The word parfleche was coined by the French fur traders. It was derived from the French word “parer” meaning defend and “fleche” meaning arrow, as the hide was tough enough to be used as a shield and deflect an arrow.

The Plains and Plateau Indians had an abundant source of hides in the buffalo and elk they hunted, but as they were nomadic, they had little opportunity to tan the skins. In order to preserve the hides they had to be cleaned, removed of their hair, stretched and then dried. The process created a stiff, durable leather that was used for countless items including packets, bonnets, pouches, bonnet cases, knife sheaths, drums, and shields.   

The process of making parfleche began with soaking the fresh hide. After, it was stretched and staked to the ground with the hair side down, or stretched tightly on a wooden frame. The flesh and fat of the animal was then removed by scraping at the hide with a fleshing tool. The first fleshing tools were merely sharpened stones but progressed into elk antlers with an attached jade or iron bit and then onto a tool called a gun barrel scraper. Gun barrel scrapers were created by taking an 8" piece of gun barrel and flattening one end into a chisel shape with serrations. The handle would then be wrapped with hide. To help remove the hair more easily, the natives used ashes. The lye in the ashes helped soften the hide making it easier for the scraper to remove the remaining hair. For the making of a shield, which needed to be extra hard, the parfleche was alternately soaked and dried over a slow smoky fire.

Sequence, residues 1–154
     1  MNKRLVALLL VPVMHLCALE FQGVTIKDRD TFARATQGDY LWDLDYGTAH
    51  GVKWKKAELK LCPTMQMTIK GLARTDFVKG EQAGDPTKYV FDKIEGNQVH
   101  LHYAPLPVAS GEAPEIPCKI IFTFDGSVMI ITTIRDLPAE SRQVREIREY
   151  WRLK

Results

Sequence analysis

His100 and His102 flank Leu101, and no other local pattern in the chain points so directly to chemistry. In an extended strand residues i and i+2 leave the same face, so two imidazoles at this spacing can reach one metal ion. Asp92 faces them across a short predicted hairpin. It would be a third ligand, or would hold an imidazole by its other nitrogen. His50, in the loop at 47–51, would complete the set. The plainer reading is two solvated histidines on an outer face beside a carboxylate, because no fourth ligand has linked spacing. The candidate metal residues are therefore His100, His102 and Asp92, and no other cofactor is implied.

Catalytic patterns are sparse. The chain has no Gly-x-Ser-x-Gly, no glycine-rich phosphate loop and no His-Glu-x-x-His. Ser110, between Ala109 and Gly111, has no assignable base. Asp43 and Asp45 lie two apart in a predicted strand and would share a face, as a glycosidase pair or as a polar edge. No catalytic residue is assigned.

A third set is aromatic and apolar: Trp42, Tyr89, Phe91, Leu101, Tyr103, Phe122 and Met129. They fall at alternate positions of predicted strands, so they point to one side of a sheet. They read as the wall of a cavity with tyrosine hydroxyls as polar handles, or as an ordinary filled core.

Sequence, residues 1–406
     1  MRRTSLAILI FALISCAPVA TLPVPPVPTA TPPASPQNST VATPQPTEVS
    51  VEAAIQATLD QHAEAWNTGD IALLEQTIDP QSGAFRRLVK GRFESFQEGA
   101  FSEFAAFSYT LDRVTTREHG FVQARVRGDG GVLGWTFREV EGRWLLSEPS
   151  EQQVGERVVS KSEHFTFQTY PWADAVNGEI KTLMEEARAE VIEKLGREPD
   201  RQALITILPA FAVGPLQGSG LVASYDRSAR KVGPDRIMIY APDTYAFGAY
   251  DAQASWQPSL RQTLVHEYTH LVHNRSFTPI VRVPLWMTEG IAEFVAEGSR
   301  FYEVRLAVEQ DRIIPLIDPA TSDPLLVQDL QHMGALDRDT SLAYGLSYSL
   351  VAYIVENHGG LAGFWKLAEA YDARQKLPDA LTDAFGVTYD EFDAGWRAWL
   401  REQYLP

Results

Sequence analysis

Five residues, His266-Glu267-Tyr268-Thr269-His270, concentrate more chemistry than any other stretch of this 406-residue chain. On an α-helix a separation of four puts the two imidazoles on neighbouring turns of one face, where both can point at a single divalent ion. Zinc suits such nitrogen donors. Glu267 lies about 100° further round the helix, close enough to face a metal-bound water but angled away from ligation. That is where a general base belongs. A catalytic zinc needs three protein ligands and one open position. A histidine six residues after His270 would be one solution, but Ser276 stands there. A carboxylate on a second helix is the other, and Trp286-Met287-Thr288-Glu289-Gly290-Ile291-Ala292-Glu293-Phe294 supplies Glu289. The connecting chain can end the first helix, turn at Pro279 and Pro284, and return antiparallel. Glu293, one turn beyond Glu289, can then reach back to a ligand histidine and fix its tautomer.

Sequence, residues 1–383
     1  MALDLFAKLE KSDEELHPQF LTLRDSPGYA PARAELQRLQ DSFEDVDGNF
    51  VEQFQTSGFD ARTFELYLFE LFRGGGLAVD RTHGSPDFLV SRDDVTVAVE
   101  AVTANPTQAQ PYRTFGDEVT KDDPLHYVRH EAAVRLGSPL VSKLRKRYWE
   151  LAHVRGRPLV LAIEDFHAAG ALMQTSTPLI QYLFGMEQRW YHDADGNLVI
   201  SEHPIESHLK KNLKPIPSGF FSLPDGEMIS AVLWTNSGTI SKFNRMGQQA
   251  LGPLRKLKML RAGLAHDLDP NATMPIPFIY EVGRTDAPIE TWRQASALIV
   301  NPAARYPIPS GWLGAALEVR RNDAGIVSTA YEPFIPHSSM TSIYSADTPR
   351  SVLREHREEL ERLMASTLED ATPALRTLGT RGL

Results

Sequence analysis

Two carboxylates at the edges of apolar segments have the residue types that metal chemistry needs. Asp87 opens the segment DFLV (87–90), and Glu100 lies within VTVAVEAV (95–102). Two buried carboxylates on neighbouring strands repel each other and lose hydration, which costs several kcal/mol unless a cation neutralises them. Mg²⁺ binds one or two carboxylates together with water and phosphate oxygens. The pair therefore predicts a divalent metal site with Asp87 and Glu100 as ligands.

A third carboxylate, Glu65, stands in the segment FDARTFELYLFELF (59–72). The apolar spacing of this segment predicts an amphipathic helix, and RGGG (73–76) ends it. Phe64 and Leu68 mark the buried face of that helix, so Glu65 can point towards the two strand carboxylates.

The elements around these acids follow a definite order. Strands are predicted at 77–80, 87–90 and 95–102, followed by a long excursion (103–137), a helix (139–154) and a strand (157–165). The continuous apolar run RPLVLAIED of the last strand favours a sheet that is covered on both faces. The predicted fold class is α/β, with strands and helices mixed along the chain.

After the demise of the buffalo, parfleches were made with steer hide. Native American women historically fashioned the parfleche into containers and decorated them with brightly colored geometric designs. A porous buffalo bone served as an effective paint brush. Sometimes the hide was incised to highlight a design. The original containers had graphics that were maps, geographical depictions such as rivers and mountains, or symbols that told the family’s stories. Once the parfleche left the family, the story was lost and the parfleche became Indian art rather than a meaningful storyteller.

In the plateau where the tribes were less mobile, the parfleche was a part of weddings ceremonies, with relatives of the groom giving the couple parfleche containers and relatives of the bride giving cornhusk bags.  These were then used by the new family to hold clothing, bonnets, personal items, tools, and dried meat.

The most common Native American parfleche container is the packet. For this, the hide was trimmed to a rectangular shape, folded at the sides to overlap, and the ends folded towards the center to form an envelope. The most common size is approximately 1' x 2'. These containers were used to hold clothing, bonnets, personal items, tools, and dried meats. 

Click here to view our extensive collection of Native American parfleche.


By Colton Kennedy,

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